Folic acid increases fertility
If you are over 35, trying to get pregnant for a while, and live in a modern Western society, you definitely need prenatal supplements with folic acid.
Besides improving your chances to get pregnant, folic acid will give the best start possible to your baby, which will need a lot of support in order to grow and develop well during the nine months in your belly.
In finding a supplementing strategy that works best for you, you may first want to focus on the “basics.”
You are free to choose from any of the well-known prenatal multivitamin brands, only make sure from the label that they contain at least 400–800 µg folic acid.
Start taking them at least three months before you try to get pregnant and continue throughout the first pregnancy months.
If you can memorize only one single supplement you should not omit during the preconception time, it is folic acid. Taking folic acid in the months prior to conception contributes to the prevention of severe neurological disorders in babies.
Therefore, folic acid increases fertility by helping you get and STAY pregnant, and enabling the best developmental conditions for your baby to develop well.
In this case, your genes and personal sensitivities don’t play a role, so that your simple decision to take a folic acid supplement can make a huge difference to the future health of your child.
A study published in 2009 in the journal Midwifery, showed that, in a sample of 588 Australian women who were actively trying to conceive, less than one-third took a pre-pregnancy folic acid supplement! Factors that were associated with an increased risk of not taking folic acid were income, smoking in mother, and baby being a non-first child.
Which lifestyle interventions are most likely to improve your chances of conceiving?
In a nutshell, folic acid will help you get pregnant and STAY pregnant.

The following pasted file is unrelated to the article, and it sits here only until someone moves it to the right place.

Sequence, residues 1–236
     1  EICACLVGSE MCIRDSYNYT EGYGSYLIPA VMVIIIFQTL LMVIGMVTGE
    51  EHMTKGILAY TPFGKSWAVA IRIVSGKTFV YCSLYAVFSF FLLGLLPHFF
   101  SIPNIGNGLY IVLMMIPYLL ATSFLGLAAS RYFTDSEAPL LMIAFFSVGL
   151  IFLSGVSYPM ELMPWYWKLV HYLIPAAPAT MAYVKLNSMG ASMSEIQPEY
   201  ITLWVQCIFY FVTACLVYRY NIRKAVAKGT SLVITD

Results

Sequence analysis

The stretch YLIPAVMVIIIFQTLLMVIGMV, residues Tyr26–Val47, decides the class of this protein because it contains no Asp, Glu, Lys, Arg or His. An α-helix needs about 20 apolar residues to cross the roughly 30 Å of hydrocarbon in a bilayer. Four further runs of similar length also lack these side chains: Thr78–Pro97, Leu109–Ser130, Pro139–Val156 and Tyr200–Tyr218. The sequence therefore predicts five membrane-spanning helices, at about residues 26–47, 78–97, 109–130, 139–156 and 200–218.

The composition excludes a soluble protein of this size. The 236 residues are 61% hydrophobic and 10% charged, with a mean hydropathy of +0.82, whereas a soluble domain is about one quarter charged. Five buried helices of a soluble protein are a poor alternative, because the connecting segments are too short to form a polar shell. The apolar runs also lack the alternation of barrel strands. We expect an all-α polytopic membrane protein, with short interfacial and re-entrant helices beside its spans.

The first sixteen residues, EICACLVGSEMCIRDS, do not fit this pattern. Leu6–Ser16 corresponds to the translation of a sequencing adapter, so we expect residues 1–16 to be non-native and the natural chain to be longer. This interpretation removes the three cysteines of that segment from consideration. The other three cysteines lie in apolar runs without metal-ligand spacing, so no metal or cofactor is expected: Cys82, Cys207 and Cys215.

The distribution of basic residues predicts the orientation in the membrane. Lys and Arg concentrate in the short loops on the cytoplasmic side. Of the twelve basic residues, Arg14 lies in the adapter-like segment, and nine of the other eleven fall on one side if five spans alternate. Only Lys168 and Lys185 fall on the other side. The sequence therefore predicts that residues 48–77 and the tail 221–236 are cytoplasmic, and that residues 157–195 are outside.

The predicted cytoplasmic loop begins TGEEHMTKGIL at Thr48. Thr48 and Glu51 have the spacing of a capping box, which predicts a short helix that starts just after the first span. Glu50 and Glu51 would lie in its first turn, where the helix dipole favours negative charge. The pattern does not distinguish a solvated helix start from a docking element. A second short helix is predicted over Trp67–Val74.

Taking only folic acid places you in the top 30% women who are proactive in improving their chances to get a healthy baby (or babies!)
You may also want to know of the growing body of evidence from animal studies on the long-term effects of a mother’s nutrition on later disease susceptibility in her offspring? WHAT DOES THAT MEAN?
It means that nutritional milieu in a pregnant mother’s uterus induces slight alterations directly on the DNA of her baby (not exactly overwriting it, but adding some extra marks to it, this is called “epigenetic modification”), which affects the offspring’s susceptibility to many diseases later on in life. Evidence in human subjects is scant (for moral, ethical, and practical reasons it is not possible to experiment on human babies the way we do with animals).
Before the science figures this out, you can keep in mind the known facts, such that as during pregnancy, human babies have a high demand for folic acid and other B-group vitamins in order to develop their nervous system properly. So, folic acid is not something you want to leave your little baby without.
Folic acid (take 800µg folic acid every day while you are trying to conceive and continue throughout pregnancy):
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- Forster DA, Wills G, Denning A, Bolger M. The use of folic acid and other vitamins before and during pregnancy in a group of women in Melbourne, Australia.Midwifery. 2009 Apr;25(2):134-46.
- Hammiche F, Laven JS, van Mil N, de Cock M, de Vries JH, Lindemans J, Steegers EA, Steegers-Theunissen RP. Tailored preconceptional dietary and lifestyle counselling in a tertiary outpatient clinic in The Netherlands.Hum Reprod. 2011 Sep;26(9):2432-41.
- Monteagudo C, Mariscal-Arcas M, Palacin A, Lopez M, Lorenzo ML, Olea-Serrano F. Estimation of dietary folic acid intake in three generations of females in Southern Spain. Appetite. 2013 Aug;67:114-8.
- Steegers-Theunissen RP. Preconception folic acid treatment affects the microenvironment of the maturing oocyte in humans. Fertil Steril. 2008 Jun;89(6):1766-70.